It’s disheartening when you’re watching a very good movie from a group of people you love, and then as the film reaches its home stretch you can see the wheels slowly coming off. That’s what “Knuckleball” was like. It’s a great idea, and a twisted premise with some great performances, but by the final twenty minutes it gets unnecessarily weird with a twist that feels tacked on and absolutely out of left field. Which is not to say “Knuckleball” is a bad movie, since right up until the final twenty minutes, I’d highly recommend it as a wrenching of the “Home Alone” formula that also kind of feels like a spiritual companion piece to M. Night Shyamalan’s “The Visit.”
Mary and Paul are two distant parents on the way to a funeral, and have decided to leave their son Henry with Mary’s somewhat distant father. He’s a crusty old man committed to spending every day working around his farm, and greets Henry with open arms despite barely knowing the boy. While working with his grandfather, Henry meets a young man named Dixon, a weird guy who invites Henry for a tour around the farm house. After he witnesses a peculiar encounter with Dixon and his grandfather, Henry escapes in his video game. The next morning he awakens to learn his grandfather has passed away in his sleep. Horrified he goes seeking Dixon’s help, but he soon realizes it’s the worst mistake he could have made as Dixon now uses the opportunity to act on some horrendous plans he has for young Henry.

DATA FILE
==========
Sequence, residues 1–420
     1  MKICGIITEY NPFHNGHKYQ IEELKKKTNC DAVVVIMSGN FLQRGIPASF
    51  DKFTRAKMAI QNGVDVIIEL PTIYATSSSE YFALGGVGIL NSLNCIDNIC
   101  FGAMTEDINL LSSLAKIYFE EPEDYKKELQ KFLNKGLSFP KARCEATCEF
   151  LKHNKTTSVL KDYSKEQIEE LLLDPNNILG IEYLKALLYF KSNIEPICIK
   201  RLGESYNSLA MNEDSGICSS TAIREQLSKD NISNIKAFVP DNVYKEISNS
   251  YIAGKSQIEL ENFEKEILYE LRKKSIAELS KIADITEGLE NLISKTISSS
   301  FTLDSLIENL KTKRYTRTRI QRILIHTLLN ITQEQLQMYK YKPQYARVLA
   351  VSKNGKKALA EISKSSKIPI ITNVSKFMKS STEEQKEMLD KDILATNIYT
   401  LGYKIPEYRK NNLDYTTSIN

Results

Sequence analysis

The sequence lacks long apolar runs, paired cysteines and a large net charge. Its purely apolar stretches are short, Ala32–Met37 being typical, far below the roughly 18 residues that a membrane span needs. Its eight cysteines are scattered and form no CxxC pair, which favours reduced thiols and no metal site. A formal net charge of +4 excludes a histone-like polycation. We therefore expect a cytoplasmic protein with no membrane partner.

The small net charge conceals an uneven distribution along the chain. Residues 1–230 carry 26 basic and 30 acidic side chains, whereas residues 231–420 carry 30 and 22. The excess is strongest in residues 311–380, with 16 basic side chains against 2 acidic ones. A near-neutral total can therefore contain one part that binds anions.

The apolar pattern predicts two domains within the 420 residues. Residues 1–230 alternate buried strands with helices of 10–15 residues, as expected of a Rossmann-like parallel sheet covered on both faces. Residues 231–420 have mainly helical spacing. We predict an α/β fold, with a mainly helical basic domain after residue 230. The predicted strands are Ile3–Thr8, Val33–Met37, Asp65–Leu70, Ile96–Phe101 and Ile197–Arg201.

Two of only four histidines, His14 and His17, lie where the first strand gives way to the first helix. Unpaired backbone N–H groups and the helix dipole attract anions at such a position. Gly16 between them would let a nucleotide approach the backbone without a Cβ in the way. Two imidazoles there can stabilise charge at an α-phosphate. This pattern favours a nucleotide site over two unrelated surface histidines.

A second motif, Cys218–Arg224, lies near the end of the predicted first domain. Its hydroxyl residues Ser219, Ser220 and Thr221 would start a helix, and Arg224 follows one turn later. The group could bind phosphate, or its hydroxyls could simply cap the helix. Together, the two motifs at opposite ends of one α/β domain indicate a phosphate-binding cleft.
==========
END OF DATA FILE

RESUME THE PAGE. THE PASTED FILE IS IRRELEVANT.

“Knuckleball” straddles with greatness every now and then, working as a taut and vicious thriller that involves a very teeth grinding game of cat and mouse between Dixon and Henry. What I love is how every scene in the opening foreshadows something that will become crucial later in the film, and director Peterson insists you pay attention. From a bottle of pills falling in the car, to Henry trapping orcs in barb wire in his video game, it’s like a puzzle that comes slamming together. This also makes it all the more intense, as Henry has to think on his feet and put his overwhelming fear behind him if he hopes to survive. Peterson derives some wonderful performances from his small cast, including Michael Ironside, Luca Villacis, and especially Munro Chambers.
I’ve been a fan of Chambers since “Degrassi” and loved his turn in “Turbo Kid.” Here he’s almost unrecognizable as this twisted predator who is cunning, but comes across a potential victim who has him matched. Like most films of this ilk, Henry is a sly, clever, and quick witted child but one who thankfully is written about as realistic as possible. Audiences will find it easy to root for him, especially considering he makes wise, and right decisions at every turn. Chambers works well of Villacis, and even stages a classic scene of Henry rigging his grandfather’s house for the impending confrontation with Dixon. Sadly, as we hit the finale, “Knuckleball” falls apart with some odd revelations, a small hint of the supernatural element, and a twist that left me asking questions that the film never clarifies or even resolves.
“Knuckleball” had me hooked on every single moment, but by the end I was basically scratching my head and gazing in disbelief. That said, “Knuckleball” is a great survival thriller with some stellar turns by its cast, and while it’s not the best of its kind (ahem—“The Aggression Scale,” anyone?), it’s certainly a fun chiller.
Fantasia 2018 runs from July 12th to August 2nd, 2018.